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Wednesday , June 25 , 2014
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No probe on nexus: DGP

Shillong, June 24: Meghalaya police have not been asked to “probe” into the alleged politician-militant nexus in the state, according to director-general of police Peter James Pyngrope Hanaman.

“I am not aware of it (the politician-militant nexus probe). If it comes to our notice, we will take cognisance. But right now, our fight is against the militants,” he told reporters at the police headquarters here today.

The alleged politician-militant nexus has been a subject of debate in Meghalaya with Opposition parties pressing for an impartial probe to unravel the truth.

Recently, Independent legislator Saleng A. Sangma, who was a victim of militant attacks in the past, had written to Union home minister Rajnath Singh seeking for a CBI probe into the alleged nexus.

In spite of several voices demanding a probe, the police have not received any directive from the political leadership to unravel the truth on the alleged existence of a nexus between politicians and militants, especially those operating in the Garo hills.

On the chief minister Mukul Sangma’s remarks of not ruling out the existence of such an unholy nexus, he said, “He (chief minister) has not asked us to probe it.”

He said if such a probe was conducted, the police would assist or provide their expertise.

However, the state police chief said his department has been weeding out “bad apples” allegedly hand-in-glove with militant groups like the Garo National Liberation Army (GNLA).

“We have some bad apples in the police department. We have weeded them out and we will continue the process. There are even some policemen who have been dismissed for being involved in helping groups like the GNLA with ammunition or other equipment,” Hanaman said.

Three police personnel are currently in custody and are likely to be dismissed from service shortly, he said.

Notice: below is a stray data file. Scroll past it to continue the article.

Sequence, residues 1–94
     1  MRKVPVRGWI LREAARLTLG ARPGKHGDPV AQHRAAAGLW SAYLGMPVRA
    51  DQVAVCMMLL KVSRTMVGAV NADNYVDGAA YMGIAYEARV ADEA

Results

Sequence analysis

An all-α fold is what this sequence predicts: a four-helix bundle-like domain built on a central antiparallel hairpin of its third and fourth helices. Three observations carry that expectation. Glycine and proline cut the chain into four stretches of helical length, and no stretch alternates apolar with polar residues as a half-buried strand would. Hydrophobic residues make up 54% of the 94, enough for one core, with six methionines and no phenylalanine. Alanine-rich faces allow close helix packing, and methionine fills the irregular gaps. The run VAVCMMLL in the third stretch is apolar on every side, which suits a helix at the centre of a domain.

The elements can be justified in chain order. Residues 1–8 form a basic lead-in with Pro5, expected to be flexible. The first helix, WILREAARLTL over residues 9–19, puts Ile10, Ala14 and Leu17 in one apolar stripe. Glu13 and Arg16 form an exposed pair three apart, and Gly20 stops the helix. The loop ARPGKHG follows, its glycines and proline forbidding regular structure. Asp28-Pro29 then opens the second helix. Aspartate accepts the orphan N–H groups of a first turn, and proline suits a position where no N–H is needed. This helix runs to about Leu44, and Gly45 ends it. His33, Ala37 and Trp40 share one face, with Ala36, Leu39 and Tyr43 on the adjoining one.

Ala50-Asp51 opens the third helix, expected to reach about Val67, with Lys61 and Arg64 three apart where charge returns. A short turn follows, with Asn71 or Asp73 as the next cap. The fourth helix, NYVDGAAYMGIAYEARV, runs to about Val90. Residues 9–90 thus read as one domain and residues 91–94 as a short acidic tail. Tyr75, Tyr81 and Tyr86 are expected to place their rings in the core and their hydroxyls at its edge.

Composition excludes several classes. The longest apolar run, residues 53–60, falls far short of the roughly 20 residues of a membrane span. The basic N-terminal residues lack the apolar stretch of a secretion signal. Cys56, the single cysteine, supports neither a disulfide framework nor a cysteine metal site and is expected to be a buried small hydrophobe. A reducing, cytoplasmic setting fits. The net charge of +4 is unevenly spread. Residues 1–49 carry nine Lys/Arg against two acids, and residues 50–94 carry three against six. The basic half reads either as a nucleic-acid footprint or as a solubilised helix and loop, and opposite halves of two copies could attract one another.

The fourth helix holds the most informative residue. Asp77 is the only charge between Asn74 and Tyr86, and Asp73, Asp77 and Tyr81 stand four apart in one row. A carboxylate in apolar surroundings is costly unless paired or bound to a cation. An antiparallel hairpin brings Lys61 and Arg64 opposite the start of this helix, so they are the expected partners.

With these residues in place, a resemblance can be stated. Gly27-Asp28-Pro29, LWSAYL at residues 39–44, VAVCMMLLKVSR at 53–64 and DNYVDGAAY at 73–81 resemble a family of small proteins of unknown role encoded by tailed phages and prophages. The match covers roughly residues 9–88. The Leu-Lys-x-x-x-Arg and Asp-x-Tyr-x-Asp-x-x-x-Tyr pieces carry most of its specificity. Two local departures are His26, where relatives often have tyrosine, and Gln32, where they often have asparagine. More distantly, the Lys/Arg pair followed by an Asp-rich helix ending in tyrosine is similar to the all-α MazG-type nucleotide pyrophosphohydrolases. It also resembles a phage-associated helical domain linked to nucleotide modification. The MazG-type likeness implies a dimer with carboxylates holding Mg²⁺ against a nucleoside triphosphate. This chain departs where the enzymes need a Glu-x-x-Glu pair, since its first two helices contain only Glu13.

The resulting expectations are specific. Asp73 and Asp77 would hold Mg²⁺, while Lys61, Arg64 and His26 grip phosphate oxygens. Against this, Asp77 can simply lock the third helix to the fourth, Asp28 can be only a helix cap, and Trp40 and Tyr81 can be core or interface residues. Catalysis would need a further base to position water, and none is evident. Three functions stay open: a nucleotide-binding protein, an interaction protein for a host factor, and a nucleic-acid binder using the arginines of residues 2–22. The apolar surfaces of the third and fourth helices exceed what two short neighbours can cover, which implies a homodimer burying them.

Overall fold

Two personnel from the fourth Meghalaya Police Battalion, Havildar Bitharstone R. Marak and constable Balgra Marak, are at present in judicial custody after they were arrested for allegedly helping militants. Another constable, Jimbirth R. Marak, was arrested for such an incident.

“We will dismiss them while they are in custody,” he said.

Disturbed area tag: The police are averse to the idea of declaring Garo hills a “disturbed area”.

A region declared “disturbed area” immediately comes under the Armed Forces (Special Powers) Act, which provides security forces with sweeping powers.

The act empowers the governors of the states and administrators of Union Territories to declare affected areas in the state “disturbed” to protect it against internal disturbances.

“It (disturbed area tag) is not required at this juncture. If the place is declared a disturbed area, it means you are going to bring in the army,” Hanaman said.

Additional DGP M.R. Vijaya Kumar reminded that in 1998, the army was brought in with little results to show.

Commenting on the law and order situation in Garo hills, Hanaman said, “Things are not hunky-dory although there is some amount of lawlessness, abduction, and extortion but I do not think everyone pays the rebels. I think the police are doing a good job.”

On the recent kidnapping and the rescue of SBI official Arvind Kumar, Hanaman brushed aside speculations that the entire episode was “stage-managed” by the police themselves.

“Why would we stage manage? No matter what we do, some people will be unhappy. Is this some sort of a design against us? For people with vested interests, no matter how much we do, they will never be happy,” Hanaman said.

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